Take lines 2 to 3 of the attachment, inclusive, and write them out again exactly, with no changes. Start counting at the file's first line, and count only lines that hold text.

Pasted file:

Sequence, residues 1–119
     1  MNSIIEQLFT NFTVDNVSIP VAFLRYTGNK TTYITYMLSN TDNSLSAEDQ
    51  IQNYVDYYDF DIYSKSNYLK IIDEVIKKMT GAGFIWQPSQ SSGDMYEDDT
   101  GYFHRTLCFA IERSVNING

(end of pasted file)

     1  MNSIIEQLFT NFTVDNVSIP VAFLRYTGNK TTYITYMLSN TDNSLSAEDQ
    51  IQNYVDYYDF DIYSKSNYLK IIDEVIKKMT GAGFIWQPSQ SSGDMYEDDT